Public opinion may be divided on whether Apple should modify its mobile software to help the FBI gain access to a terrorist's iPhone, but several leading tech companies and privacy groups are definitely siding with Apple CEO Tim Cook.
The American Civil Liberties Union filed the first in what's expected to be a series of amicus briefs in federal court supporting Apple's decision to challenge a February 16 court order that demands the company write a new version of its iOS software to bypass the phone's security. Microsoft, Google, Twitter and Facebook, and privacy groups including the Electronic Frontier Foundation, have said they're also going to submit amicus briefs on Apple's behalf by the March 3 deadline.
Apple has set up a dedicated page on its website to collect all the amicus briefs.
"While the government can in some circumstances require private parties to support law-enforcement investigations...law enforcement may not commandeer innocent third parties into becoming its undercover agents, its spies, or its hackers," the ACLU wrote in its brief on Wednesday (see below). "If the government prevails, then this case will be the first of many requiring companies to degrade the security and to undermine the trust in their products so essential to privacy in the digital age."
Apple says creating a new, custom version of iOS software is unprecedented and unconstitutional. Cook, in a public letter and other statements, says what the FBI is asking for is a "back door" or "master key" to every iPhone. Once it's created, he adds, it would compromise the privacy and security of the billion iPhones and iPads powered by iOS, Apple's mobile operating system. The FBI says it just wants to find out all it can about the terrorists involved in the December massacre in San Bernardino, California, which claimed the lives of 14 people.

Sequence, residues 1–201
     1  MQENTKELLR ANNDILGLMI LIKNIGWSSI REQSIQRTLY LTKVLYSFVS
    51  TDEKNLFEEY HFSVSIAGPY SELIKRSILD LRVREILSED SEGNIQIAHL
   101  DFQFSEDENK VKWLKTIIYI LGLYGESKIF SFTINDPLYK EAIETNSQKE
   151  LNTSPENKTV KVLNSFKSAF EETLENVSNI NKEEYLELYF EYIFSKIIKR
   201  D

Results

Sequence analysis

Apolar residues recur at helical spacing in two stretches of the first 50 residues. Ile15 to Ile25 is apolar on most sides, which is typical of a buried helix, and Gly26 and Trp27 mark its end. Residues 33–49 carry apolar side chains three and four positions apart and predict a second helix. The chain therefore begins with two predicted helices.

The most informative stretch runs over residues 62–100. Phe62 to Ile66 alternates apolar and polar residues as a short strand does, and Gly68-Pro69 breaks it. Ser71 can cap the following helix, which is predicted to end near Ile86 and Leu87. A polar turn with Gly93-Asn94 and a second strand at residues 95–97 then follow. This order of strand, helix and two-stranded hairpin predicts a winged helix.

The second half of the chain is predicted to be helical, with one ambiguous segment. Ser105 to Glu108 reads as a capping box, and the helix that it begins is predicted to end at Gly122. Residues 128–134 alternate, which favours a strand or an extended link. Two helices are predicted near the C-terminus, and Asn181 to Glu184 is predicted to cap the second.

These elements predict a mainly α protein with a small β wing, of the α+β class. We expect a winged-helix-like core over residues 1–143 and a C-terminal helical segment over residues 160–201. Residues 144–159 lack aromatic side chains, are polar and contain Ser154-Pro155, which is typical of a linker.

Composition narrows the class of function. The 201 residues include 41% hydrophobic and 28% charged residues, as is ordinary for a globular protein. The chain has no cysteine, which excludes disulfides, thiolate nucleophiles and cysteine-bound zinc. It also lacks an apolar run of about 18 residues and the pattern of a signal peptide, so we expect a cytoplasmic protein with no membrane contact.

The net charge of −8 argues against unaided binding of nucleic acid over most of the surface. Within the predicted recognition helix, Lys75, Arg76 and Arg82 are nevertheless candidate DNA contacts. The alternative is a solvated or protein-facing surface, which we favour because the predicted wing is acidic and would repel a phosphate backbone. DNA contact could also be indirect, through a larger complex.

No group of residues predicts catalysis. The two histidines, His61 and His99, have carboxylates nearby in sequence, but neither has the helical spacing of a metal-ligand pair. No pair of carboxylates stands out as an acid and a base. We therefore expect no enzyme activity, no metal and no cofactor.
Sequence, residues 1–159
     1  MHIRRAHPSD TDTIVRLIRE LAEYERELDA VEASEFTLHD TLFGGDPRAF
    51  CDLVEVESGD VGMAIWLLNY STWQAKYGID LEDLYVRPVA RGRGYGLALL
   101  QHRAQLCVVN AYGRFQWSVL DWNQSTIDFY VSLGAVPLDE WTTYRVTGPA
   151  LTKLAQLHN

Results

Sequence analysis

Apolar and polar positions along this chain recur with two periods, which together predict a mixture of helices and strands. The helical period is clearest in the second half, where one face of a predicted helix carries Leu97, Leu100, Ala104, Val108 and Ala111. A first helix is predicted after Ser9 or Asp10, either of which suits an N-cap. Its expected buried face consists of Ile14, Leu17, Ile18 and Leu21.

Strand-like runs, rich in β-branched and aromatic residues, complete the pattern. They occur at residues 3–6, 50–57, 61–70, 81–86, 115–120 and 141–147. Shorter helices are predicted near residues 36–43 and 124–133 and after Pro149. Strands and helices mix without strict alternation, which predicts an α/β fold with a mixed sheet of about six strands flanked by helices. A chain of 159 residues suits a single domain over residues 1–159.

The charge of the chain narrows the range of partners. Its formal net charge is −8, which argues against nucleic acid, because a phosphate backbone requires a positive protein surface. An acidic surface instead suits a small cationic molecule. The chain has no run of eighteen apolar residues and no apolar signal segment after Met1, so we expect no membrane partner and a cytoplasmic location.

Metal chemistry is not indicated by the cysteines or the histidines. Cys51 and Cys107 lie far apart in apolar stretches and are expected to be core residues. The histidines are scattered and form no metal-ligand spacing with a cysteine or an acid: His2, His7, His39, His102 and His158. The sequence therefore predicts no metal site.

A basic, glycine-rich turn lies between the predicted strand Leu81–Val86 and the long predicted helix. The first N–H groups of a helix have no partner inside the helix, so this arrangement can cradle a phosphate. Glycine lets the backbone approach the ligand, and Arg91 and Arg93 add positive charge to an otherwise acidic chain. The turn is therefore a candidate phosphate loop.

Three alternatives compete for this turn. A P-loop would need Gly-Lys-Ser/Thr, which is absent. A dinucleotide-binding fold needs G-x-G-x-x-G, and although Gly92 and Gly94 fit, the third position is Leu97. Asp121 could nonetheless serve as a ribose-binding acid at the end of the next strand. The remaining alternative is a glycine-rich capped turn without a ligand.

A court hearing to determine whether Apple should be forced to comply with the FBI's request is set for March 22 in federal court in Riverside, California. This week, Apple's top lawyer, Bruce Sewell, spoke on a panel opposite FBI Director James Comey debating personal security versus national security ina five-hour session on Capitol Hill.
Apple may already have a precedent in place after a US District Court judge on Monday dismissed asimilar government request in a case involving the All Writs Act, an iPhone and a drug dealer in Queens, New York. Apple believes the ruling could sway the San Bernardino case. The Department of Justice said it was "disappointed" by the ruling and will continue to challenge the order in the court system.
CNET - Connie Guglielmo